In the interests of transparency and full disclosure, for my employer I design interactive web-based applications that display significant amounts of data on various countries and industries—along with other design things. So I am always curious to see how others handle similar types and quantities of data. This interactive application—I hesitate to call something like this an interactive infographic because of its scale and scope—comes from the Global Economic Dynamics project.
I commend the designers for opting not to use a map despite the nature of a dataset that focuses on countries. Especially in this application, where the full pattern of trade or migration would only be visible through multiple clicks to load maps of export/import markets of a particular country.
The user can add multiple countries, switch to a different dataset, change the year of the displayed data, currency, metrics, &c. There is quite a bit going on in this application and the controls are carefully placed in the margins of the piece.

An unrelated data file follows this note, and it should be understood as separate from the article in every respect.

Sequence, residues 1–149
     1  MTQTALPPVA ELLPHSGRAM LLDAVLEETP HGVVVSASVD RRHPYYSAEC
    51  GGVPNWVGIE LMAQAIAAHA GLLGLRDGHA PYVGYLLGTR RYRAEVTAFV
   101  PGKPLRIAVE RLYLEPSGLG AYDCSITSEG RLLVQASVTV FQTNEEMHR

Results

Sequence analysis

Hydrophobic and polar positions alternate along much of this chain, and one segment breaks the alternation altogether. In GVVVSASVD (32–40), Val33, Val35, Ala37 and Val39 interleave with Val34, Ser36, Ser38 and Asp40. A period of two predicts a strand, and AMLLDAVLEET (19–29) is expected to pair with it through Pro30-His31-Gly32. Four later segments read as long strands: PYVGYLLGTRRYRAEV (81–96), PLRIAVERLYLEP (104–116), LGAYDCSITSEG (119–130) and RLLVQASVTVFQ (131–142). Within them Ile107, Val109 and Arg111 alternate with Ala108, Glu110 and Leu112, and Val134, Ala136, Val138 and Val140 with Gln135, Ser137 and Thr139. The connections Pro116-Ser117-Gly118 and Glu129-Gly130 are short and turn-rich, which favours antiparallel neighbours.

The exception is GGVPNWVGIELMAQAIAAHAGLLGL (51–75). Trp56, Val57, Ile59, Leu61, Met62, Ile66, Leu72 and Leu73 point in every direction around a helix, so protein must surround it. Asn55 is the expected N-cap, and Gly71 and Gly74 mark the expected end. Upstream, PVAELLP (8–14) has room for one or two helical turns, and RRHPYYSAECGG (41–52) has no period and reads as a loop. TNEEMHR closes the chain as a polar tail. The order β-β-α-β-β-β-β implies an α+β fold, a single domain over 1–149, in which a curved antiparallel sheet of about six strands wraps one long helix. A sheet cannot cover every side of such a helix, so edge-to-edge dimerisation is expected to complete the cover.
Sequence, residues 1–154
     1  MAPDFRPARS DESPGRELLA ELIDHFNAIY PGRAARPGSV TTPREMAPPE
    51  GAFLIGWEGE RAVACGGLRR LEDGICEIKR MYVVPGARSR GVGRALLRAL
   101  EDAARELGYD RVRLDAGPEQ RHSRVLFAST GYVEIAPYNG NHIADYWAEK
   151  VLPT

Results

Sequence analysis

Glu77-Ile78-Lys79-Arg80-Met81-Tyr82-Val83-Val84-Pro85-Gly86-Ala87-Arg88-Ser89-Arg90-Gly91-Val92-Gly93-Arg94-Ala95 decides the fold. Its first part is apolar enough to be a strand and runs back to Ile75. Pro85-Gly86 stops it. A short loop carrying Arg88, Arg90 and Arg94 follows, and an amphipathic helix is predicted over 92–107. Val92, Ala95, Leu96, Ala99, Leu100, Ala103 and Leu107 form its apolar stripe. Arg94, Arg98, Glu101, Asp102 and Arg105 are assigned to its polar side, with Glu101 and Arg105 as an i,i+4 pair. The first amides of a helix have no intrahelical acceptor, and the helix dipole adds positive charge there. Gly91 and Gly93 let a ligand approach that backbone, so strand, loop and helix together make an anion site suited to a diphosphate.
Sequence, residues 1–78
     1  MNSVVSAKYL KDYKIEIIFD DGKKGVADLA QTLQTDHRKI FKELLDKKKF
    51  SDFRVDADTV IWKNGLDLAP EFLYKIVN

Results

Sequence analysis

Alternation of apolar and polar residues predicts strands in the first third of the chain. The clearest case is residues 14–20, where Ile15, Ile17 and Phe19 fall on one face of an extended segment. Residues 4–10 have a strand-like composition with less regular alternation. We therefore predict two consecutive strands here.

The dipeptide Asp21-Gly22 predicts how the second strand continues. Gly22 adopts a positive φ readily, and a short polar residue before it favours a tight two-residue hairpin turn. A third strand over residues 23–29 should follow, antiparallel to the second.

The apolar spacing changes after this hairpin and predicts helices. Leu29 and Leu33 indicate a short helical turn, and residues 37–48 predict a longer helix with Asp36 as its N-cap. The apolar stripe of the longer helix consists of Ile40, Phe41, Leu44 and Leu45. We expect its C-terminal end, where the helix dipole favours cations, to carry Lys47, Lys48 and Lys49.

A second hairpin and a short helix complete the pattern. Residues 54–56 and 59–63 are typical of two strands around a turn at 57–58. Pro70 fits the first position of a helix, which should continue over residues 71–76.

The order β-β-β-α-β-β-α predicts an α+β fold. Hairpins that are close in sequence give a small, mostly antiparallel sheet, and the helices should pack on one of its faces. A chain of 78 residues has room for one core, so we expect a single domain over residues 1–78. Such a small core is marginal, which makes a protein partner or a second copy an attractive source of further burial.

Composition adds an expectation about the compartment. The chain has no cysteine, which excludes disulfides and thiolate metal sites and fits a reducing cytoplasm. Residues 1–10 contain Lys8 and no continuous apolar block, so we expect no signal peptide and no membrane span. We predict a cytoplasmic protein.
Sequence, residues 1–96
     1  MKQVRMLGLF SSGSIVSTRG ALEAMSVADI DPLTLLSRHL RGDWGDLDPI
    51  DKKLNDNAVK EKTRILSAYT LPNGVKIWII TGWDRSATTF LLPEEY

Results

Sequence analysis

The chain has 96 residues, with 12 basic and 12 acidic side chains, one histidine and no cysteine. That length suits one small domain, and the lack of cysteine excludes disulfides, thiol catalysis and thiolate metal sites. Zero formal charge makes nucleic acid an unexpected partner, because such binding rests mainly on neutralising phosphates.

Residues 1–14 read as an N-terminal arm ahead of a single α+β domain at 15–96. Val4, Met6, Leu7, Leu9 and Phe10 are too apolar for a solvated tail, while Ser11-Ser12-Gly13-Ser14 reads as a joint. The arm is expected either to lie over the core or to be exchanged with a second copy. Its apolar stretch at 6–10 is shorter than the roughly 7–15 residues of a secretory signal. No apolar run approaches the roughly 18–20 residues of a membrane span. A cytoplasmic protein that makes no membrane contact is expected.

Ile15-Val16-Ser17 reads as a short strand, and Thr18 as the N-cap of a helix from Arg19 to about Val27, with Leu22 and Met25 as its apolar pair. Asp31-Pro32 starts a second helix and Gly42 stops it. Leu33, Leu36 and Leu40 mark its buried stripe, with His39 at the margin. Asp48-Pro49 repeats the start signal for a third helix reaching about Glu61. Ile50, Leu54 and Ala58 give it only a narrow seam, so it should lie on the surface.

And while I could probably write a lot more about this piece, I will end up the ability to share any insights made while using this application. Because what is the value of a kernel of knowledge if you cannot share it? Consequently, this piece offers a multitude of options. The usual social media options are present. You can also download a .png for use in a presentation, e.g. PowerPoint, or you can download the data. But fascinatingly, the application allows you to embed the piece into your own site.
Unfortunately, I cannot find any specific designers attached to the project. So credit goes to the Global Economic Dynamics project.